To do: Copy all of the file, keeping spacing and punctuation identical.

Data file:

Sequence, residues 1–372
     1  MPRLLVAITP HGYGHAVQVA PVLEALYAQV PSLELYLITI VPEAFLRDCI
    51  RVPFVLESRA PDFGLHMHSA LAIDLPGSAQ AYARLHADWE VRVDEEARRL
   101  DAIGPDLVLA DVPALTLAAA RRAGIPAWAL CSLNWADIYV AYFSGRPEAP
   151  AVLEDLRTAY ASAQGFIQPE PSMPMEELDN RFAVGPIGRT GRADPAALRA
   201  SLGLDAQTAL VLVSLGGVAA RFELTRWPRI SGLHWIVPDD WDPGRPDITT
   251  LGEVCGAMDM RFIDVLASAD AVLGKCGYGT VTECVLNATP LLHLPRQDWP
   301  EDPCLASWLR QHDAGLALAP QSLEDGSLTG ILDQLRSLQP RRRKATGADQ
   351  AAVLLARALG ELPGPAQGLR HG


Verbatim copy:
Sequence, residues 1–372
     1  MPRLLVAITP HGYGHAVQVA PVLEALYAQV PSLELYLITI VPEAFLRDCI
    51  RVPFVLESRA PDFGLHMHSA LAIDLPGSAQ AYARLHADWE VRVDEEARRL
   101  DAIGPDLVLA DVPALTLAAA RRAGIPAWAL CSLNWADIYV AYFSGRPEAP
   151  AVLEDLRTAY ASAQGFIQPE PSMPMEELDN RFAVGPIGRT GRADPAALRA
   201  SLGLDAQTAL VLVSLGGVAA RFELTRWPRI SGLHWIVPDD WDPGRPDITT
   251  LGEVCGAMDM RFIDVLASAD AVLGKCGYGT VTECVLNATP LLHLPRQDWP
   301  EDPCLASWLR QHDAGLALAP QSLEDGSLTG ILDQLRSLQP RRRKATGADQ
   351  AAVLLARALG ELPGPAQGLR HG